Once the dust had settled, I had hoped to come up with some conclusions about the Morphets bus and train extravaganza of last week. But the more I look at the results, the more my brain becomes addled. This isn’t just the result of the scale of it all, although that hasn’t got any better, it’s also because I’m not entirely sure there are that many conclusions to be drawn.
So let’s start with some simple thoughts. Expensive posters sold for lots of money.
This went for £2400, which is pretty much what I’ve seen it go for every time.
People still like to buy pictures of trains. It seems that they also like to buy pictures of motorbikes too.
Any other reason for that fetching £300 rather escapes me.
People like pictures which look like real things in general. So this Riley fetched £500,
while the Amstutz of the same subject only went for £240. (Apparently it is possible to go and stay on restored camping coaches even today. I must investigate further.)
Most of all though, what people like to buy most of all are nice pictures of landscapes which look a bit like proper art. So posters like these,
are highly desirable and go for £600 and £750 respectively.
This rule seems to work for bus posters too – this Lander reached a very respectable £340.
Although even I can see the appeal of that one.
But as I mentioned before, things which looked less like fields and more like design didn’t do so well. The Paddens, Coopers and their like didn’t reach anything like the prices I expected. There were a few exceptions to this which are worth taking a look at.
Firstly, kitschy 50s graphics seemed to be selling well – this Bromfield fetched £440.
While at a lower level, this rather nice Studio Seven pair fetched £70, more than most coach posters were managing to do.
Even more odd was that, in a complete reversal of the normal situation, artworks fetched more than the original posters. Royston Cooper’s airport artwork went for £320,
when you could have picked up the poster, as one of a pair, for £38.
While this Daphne Padden ark-work sold for £240, more than any of her individual posters made. Go figure.
But there was one big exception to the rule that good design didn’t sell – although perhaps not quite so much of an exception considering that it is a picture of a field as well.
Tom Eckersley’s Lincolnshire reached £550. Two readers of this blog battled with us over it – we lost but it’s going to a good home over in Norfolk so I don’t mind. Not too much anyway.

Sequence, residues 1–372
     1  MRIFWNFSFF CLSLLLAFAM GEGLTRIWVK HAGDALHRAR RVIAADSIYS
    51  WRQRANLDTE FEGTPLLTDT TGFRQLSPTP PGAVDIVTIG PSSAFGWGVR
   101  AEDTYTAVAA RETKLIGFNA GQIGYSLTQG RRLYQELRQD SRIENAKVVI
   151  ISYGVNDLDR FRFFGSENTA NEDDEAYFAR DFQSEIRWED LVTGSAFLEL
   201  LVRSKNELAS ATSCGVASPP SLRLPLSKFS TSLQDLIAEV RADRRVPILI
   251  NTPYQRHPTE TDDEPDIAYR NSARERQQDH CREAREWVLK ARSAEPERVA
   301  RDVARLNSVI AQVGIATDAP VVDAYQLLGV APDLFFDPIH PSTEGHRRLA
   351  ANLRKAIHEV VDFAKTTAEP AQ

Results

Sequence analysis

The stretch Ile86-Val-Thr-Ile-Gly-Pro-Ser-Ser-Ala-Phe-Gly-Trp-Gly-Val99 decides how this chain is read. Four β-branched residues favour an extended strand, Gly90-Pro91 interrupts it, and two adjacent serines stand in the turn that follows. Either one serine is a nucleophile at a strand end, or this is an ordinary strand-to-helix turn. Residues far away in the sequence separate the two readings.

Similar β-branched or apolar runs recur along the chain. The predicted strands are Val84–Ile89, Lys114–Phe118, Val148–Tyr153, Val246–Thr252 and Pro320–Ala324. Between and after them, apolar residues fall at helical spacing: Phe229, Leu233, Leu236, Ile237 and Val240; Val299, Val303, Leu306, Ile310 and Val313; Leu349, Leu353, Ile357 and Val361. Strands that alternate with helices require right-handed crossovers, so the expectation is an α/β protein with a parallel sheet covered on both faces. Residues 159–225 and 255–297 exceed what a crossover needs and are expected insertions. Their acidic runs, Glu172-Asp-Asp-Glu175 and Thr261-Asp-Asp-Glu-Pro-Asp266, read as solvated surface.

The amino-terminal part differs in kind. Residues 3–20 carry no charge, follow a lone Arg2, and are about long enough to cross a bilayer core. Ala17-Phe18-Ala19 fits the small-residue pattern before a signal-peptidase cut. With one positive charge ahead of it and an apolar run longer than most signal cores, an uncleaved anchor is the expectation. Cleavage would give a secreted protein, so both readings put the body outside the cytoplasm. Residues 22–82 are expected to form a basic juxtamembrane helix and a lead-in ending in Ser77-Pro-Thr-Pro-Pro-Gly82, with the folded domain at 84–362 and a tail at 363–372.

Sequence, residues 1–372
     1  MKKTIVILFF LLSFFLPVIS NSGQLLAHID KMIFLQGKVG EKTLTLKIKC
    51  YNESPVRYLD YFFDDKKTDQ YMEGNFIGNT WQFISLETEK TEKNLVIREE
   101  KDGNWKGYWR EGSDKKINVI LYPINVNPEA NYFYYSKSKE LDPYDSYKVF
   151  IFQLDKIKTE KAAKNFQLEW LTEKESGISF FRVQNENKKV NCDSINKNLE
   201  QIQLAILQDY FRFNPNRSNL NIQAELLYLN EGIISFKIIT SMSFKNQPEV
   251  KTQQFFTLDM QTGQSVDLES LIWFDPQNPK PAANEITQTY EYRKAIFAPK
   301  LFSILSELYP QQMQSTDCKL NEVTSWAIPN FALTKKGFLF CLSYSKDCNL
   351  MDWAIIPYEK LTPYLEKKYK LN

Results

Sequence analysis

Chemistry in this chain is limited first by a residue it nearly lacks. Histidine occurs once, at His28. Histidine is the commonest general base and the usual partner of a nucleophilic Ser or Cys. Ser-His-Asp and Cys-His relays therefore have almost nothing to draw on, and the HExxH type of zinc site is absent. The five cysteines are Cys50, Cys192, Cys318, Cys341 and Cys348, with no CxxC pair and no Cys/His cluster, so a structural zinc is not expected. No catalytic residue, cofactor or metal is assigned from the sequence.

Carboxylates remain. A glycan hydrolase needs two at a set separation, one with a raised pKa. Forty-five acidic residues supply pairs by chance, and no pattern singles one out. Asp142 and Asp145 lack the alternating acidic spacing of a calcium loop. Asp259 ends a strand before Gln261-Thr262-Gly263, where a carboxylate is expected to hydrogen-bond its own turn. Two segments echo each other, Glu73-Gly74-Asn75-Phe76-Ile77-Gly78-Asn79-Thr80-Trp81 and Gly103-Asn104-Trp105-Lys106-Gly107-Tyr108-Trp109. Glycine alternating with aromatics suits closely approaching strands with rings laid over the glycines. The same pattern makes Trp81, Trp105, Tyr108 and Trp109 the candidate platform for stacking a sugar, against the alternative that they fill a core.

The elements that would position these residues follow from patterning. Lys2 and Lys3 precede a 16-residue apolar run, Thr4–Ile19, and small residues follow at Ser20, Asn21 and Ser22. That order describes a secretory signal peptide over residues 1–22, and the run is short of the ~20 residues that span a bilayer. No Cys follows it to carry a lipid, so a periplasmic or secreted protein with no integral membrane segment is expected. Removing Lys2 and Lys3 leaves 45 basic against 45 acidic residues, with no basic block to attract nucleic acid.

Relatively speaking, I thought the Southport poster was cheap. This appears quite regularly but usually gets between £4000 and £6000. Another copy in Part 1 fetched £4400. This one was condition C and looks as if it might have some substantial tears, though.
I am quite happy to be corrected on that one – I thought I saw it go for that at Onslows a while back, but I haven’t checked the condition. Thanks for that.
There are some converted railway carriages available in Dawlish Warren in Devon: http://www.dawlishwarren.info/railwaycarriages.php
I used to frequently pass them on the train to college in Exeter so be warned they are rather close to the tracks – but perhaps that just adds to the atmosphere as you (hopefully) sleep to the sounds of the trains running by.
Thanks for that – we are definitely going to do this one way or another! I think there are some in Yorkshire too, although I’m not sure whether they’re still working or not. Surely with all the retro, glamorous camping going on they have to come back into fashion!
The Morphets auctions were amazing and by and large most prices were below what the same posters would have made at Christie’s or Onslows. However what was amazing is the market absorbed all the posters without any detrimental effect. Nostalgia is big business and poster prices are holding up and are a good investment. I recently published an article about camping coaches in Best of British magazine using some posters and pictures not seen before. They we located all over Great Britain, with concentrations in Mid-Wales and the South-West.
Yes, it’s an interesting point, that the Morphets sales as a whole don’t seem to have dented the market – at least not judging by the Christies sale a few weeks ago.
It always bemuses me that the orginal artwork makes less than do the posters. Do you have any thoughts as to why? Is it because the type of person buying posters is not used to buying original artwork, and therefore prefers spending their money on what is much more of a commodity with a (relatively) liquid and clearly-priced market? (And the type of person buying original artwork probably is not buying originals of somewhat chocolate-boxy carriage prints?)
Great blog, by the way, thank you for your effort. (If you do respond, perhaps you would be kind enough to email me.)
That’s an interesting question, and not one to which I have a ready answer. I think one reason is simply that there is very little original artwork about in comparison to the posters, and so there a market just has not developed in it.
But another reason may well be that the artwork is actually not that great to look at. Certainly in the examples I have seen, the vast majority are a bit scrappy and over-painted, and less appealing than the posters. This is particularly true of posters which were designed for lithography as I think the designers knew that the lithographers would sort out all the little glitches and uneveness as they prepared it for print!
I would also imagine that in the case of a few designers with a more painterly style – I’m thinking particularly of someone like Terence Cuneo here – their artworks would probably fetch more.
But I have no proof of any of this, so I’d be really interested in anyone else’s thoughts!